Digital Design year Microelectronics Engineer
ISIM Monastir 2010 - 2011
Chapter VI : More on Gates
We will analyze the properties of the logic gate circuits in detail: speed, power consumption, layout design, testability.
Combinational Logic Functions:
It is important to distinguish between combinational logic expressions and logic gate networks. - Acombinational logic expression is a mathematical Boolean formula - A logic gate computes a specific Boolean function Why we optimize logic? - We want to find a network that satisfies our area and speed requirements, which may require drastic restructuring of our original logic expression.
̅ ̅ (̅̅̅̅̅̅̅ ) The above example illustrates the relationship between logic expressions and gate network.But we must work with both logic expressions and gate networks to find the best implementation of a function, keeping in mind the relationships: combinational logic expressions are the specification; logic gate networks are the implementation; area, delay, and power are the costs.
Static Complementary Gates:
These gates are static because they do not depend on stored charge fortheir operations. They are complementary because they are built from complementary networks of p-type and n-type transistors. The important characteristics of a logic gate circuit are its layout area, delay, and power consumption. We will concentrate our analysis on the inverter because it is the simplest gate to analyze.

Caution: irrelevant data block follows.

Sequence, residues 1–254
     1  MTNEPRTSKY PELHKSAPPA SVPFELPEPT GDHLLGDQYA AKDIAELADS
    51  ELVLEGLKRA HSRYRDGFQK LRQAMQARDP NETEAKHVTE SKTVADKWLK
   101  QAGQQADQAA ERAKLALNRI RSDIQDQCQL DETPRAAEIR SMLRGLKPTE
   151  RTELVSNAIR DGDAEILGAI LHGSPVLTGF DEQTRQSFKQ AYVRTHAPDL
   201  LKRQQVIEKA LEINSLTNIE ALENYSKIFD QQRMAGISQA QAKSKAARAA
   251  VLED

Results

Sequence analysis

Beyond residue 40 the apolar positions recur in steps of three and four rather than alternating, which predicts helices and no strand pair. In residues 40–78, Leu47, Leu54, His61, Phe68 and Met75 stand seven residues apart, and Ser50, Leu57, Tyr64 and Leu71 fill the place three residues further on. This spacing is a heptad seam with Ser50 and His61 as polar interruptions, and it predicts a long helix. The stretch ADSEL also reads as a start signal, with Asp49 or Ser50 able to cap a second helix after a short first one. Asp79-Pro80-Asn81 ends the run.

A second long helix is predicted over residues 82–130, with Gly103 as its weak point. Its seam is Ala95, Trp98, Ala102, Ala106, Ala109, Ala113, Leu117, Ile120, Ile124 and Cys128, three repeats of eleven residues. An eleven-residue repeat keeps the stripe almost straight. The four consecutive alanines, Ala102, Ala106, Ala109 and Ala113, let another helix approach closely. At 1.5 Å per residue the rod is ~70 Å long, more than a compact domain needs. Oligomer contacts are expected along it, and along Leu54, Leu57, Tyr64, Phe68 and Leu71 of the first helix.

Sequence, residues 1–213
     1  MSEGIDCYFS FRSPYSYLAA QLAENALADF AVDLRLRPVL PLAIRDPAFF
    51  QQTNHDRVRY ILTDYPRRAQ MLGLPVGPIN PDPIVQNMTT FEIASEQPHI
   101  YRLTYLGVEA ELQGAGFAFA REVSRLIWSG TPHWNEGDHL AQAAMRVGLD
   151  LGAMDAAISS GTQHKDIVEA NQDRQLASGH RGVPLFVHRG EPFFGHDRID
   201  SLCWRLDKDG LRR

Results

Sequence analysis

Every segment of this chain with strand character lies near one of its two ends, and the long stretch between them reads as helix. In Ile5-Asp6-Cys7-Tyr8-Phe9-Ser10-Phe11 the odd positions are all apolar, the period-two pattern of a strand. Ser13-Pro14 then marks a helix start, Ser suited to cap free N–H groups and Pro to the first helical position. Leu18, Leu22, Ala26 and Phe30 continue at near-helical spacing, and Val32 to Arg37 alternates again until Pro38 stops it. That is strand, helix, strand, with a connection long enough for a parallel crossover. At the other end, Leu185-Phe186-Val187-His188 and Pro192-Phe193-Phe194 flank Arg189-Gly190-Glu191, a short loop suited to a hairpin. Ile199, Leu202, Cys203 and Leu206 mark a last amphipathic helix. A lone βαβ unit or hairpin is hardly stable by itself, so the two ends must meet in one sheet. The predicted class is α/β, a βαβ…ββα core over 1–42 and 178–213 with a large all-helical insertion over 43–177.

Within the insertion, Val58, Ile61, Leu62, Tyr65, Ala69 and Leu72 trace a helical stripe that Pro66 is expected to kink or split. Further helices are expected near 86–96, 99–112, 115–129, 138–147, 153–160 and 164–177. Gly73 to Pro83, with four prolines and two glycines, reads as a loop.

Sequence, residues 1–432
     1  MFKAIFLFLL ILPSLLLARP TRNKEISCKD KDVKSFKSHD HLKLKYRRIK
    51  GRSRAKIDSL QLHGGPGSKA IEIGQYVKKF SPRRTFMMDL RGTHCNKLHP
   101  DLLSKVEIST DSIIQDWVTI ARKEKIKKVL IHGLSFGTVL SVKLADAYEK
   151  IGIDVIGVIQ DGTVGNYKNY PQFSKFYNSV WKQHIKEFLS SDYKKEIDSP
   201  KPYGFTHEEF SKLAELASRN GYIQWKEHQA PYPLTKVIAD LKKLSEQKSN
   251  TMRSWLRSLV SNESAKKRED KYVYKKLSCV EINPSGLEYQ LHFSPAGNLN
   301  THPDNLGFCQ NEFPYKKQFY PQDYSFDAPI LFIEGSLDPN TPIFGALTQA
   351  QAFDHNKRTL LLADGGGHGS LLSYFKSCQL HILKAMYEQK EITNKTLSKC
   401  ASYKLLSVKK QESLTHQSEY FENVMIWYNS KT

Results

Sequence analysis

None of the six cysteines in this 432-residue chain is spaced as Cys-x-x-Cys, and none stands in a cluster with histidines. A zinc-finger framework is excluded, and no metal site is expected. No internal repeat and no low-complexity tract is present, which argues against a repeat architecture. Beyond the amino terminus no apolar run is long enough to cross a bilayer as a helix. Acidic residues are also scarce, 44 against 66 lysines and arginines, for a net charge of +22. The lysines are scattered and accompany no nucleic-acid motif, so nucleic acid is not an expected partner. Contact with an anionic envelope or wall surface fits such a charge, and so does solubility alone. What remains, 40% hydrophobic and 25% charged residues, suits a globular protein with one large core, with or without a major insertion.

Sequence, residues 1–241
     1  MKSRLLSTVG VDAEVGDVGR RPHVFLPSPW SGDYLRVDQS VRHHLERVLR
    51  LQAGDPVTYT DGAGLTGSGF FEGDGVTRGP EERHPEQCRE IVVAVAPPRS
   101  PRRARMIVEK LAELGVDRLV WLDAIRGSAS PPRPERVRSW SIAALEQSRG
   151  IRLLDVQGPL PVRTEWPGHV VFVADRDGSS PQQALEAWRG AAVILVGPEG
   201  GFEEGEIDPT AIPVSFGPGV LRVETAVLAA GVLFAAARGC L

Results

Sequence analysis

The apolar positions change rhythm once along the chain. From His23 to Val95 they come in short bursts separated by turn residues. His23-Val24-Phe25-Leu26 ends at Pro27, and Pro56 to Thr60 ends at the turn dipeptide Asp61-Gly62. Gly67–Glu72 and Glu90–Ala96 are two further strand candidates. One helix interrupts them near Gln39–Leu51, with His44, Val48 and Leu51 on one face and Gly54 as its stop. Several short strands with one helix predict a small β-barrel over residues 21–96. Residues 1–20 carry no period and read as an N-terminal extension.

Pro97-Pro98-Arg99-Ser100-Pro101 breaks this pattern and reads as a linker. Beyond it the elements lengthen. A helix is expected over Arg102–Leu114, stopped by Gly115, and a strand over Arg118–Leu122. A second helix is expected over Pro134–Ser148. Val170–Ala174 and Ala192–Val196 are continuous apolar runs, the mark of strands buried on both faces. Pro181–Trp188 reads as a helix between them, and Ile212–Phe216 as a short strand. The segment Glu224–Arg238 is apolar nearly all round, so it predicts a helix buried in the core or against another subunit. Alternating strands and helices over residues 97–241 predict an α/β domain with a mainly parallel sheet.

III.1) Gate Structures:
A static complementary gate is divided into apull-up network made of p-type transistors and a pull down network made of n-type transistors. The gate’s output can be connected to VDD by the pull-up network or VSS by the pull down network. The two networks are complementary to ensure that the output is always connected to exactly one of the two power supply terminals at any time. VDD
Static Complementary inverter in out
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a b c Logic symbol VSS Circuit diagram
III.2) Logic Levels:
A range of voltages near VDD corresponds to logic ‘1’ A range of voltages near VSS corresponds to logic ‘0’
The range in between is X, the unknown value, signals must swing throughthe X region while the chip is operating, no node should ever achieve X as its final value. VOL: voltage produced for logic ‘0’ VOH: voltage produced for logic ‘1’ VIL: the input voltage which will be interpreted as a logic ‘0’ VIH: he input voltage which will be interpreted as a logic ‘1’ If the gates are to work together, we must ensure that VOL < VIL and VOH > VIH. The output voltages producedby a static, complementary gate are VDD and VSS, so we know that the output voltages will be acceptable. (That isn’t true of all gate circuits; the pseudo-nMOS circuit of Section 3.5.1 produces a logic 0 level well above VSS.) We need to compute the values of VIL and VIH
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This figure shows a transfercharacteristic of an inverter simulated using Spice. We define VIL and VIH as the points at which the curve’s tangent has a slope of -1. Between these two points, the inverter has high gain (a small change in the input voltage causes a large change in the output voltage). Outside that range, the inverter has a gain less than 1, so that even a large change at the input causes only a small change at theoutput. The difference between VOL and VIL (or between VOH and VIH) is called the noise margin—the size of the safety zone that prevents production of an illegal X output value. Noise may be introduced by a number of factors: by off-chip connections by capacitive coupling to other electrical nodes from variations in the power supply voltage
III.3) Delay and Transition Time:
VDD There are two...